The bludgeoning conclusion of Paul Thomas Anderson's much-lauded, Oscar-nominated film "There Will Be Blood," which has recently been released on DVD, features a preacher forced to renounce his faith in God and admit charlatanry.
Offering a mythic vision of California as a land of egotistical excess, Anderson's movie is, ultimately, about megalomaniacal manipulators battling each other for pride, social standing, and wealth.
Loosely based on Upton Sinclair's 1927 novel Oil! but lacking the nuance and depth of the treatment of religion found there, the movie nonetheless provides us with an opportunity to turn our sights back to an important if undervalued American literary figure.
Most famous for fictionalized exposés of unjust labor practices such as his 1906 novel The Jungle, about the Chicago meat-packing industry, Sinclair approached literature as a practical tool for political activism. Conceiving of his work as primarily educational, Sinclair showed his readers the problems of capitalism and introduced them to the ethical values of socialism, necessary first steps in the process of revolution.
Oil! is a textbook example of this pedagogical project. Its plot follows an oilman's son, Bunny, as he heads to college and is slowly educated about the plight of the worker. Labor organization and the Russian Revolution figure centrally (two themes entirely absent from the film, which starts much earlier and in which the figure of the son, renamed H.W. to impart a sense of contemporary political significance, is a more tangential figure).
The work is aimed at expanding the reader's mind beyond "the little narrow circle of your own consciousness" and diagnosing the problems of American society as rooted in capitalist practice and logic.
Religion is one of these problems, an aspect of life rendered "grotesque" by the economy of human relations, wherein the oppression of the many equals power for the few. Thus religion is inevitably corrupted, as Sinclair argues in The Profits of Religion: An Essay in Economic Interpretation (1917): "The prophet becomes a charlatan; or, if he refuses, he becomes a martyr, and founds a church which becomes a church of charlatans."
Oil! illustrates this process. To prevent the father of an apostolic family from beating his daughter, the oilman decides "to elaborate the True Word," making "one of the cardinal points of this Word that girls were never to be beaten by men."
The "jest" of this "special revelation" bears profound ramifications, however, when seized by the family's son, Eli Watkins, whose rhetorical skills transform him into a self-pronounced "prophet of the Lord" quickly made rich through tent meetings and the technology of radio.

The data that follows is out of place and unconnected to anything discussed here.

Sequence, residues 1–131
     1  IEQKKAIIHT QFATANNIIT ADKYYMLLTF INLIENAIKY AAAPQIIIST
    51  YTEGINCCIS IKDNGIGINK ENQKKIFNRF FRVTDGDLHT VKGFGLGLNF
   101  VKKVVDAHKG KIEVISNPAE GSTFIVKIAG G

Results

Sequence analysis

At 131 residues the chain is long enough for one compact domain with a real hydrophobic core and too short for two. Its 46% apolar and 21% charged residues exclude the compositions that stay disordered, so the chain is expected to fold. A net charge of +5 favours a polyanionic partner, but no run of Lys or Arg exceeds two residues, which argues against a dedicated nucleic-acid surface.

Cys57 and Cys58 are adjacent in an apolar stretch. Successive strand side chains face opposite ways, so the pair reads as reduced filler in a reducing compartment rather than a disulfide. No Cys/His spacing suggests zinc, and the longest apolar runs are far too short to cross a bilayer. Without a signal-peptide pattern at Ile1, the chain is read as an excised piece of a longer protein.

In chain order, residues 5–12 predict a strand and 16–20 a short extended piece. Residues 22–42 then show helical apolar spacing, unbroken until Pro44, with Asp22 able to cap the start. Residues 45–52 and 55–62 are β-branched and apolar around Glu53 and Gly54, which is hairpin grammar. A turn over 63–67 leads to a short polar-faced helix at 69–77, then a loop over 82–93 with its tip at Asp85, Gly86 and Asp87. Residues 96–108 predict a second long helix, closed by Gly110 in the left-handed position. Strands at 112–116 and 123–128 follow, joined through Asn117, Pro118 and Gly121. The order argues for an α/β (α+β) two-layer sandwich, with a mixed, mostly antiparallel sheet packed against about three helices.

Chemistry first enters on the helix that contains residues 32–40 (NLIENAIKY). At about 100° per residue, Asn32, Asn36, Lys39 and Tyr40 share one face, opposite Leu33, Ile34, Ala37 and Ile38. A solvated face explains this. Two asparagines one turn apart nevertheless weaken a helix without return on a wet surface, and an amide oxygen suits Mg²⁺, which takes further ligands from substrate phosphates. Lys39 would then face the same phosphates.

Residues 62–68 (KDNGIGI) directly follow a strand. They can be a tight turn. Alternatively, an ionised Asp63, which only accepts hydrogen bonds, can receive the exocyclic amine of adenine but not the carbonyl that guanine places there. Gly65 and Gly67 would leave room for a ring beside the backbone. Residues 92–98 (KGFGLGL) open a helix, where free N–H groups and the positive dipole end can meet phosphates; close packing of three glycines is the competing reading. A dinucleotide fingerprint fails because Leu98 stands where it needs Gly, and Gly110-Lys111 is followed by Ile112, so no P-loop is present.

Eli co-opts the oilman's mission – to speak out in favor of freethinking and respect for others – into a system "to plague the poor and ignorant," which placates the masses and offers only the distraction of false hope to those most urgently in need of altered material conditions.
Anderson's film suggests that the problem of religion is one of sense versus superstition, but in fact it goes deeper for Sinclair. Bluntly, it's the economy, stupid.
Sinclair writes, "I care not how sincere, how passionately proletarian a religious prophet may be… the fate which sooner or later befalls him in a competitive society [is] to be the founder of an organization of fools, conducted by knaves, for the benefit of wolves."
For Sinclair, "fellow-worker Jesus" was a radical, proto-socialist thinker, firmly rooted in material practice: feeding the hungry, aiding the poor. But Christianity, as he makes clear in his 1922 satire of the Second Coming, They Call Me Carpenter, has morphed into a institution whose members don't even recognize "the spirit of Jesus," reducing this radical message to so much lubricant for the man-devouring gears of commercial society.
Locating his own muckraking work of social critique in "the same tradition, possessed by the same dream as the ancient Hebrew Prophets," Sinclair should perhaps also have been worried at the seizure and subversion of his own radical message by the economy of the world.
As it is, he is best known for certain titillating if nauseating passages on slaughterhouses and sausage-making, exiled to the far edges of the canon, taught in high schools as an example of a bygone period whose social problems are happily solved. Nothing could be farther from Sinclair's message.
Perhaps this recent film, by treating Sinclair's text obliquely – both referencing and marginalizing it, pursuing distinct but related interests and attempting to link Sinclair's tale with the current political situation – may lead to a resurgence of interest in Sinclair's writing, and, more importantly, Sinclair's prophetic project of education for social change.
(c) Spencer Dew is a doctoral candidate in Religion and Literature at the University of Chicago Divinity School, USA, and a Martin Marty Center Junior Fellow there.
**With grateful acknowledgements to Sightings, and the Martin Marty Center  at the University of Chicago Divinity School, Illinois, USA.**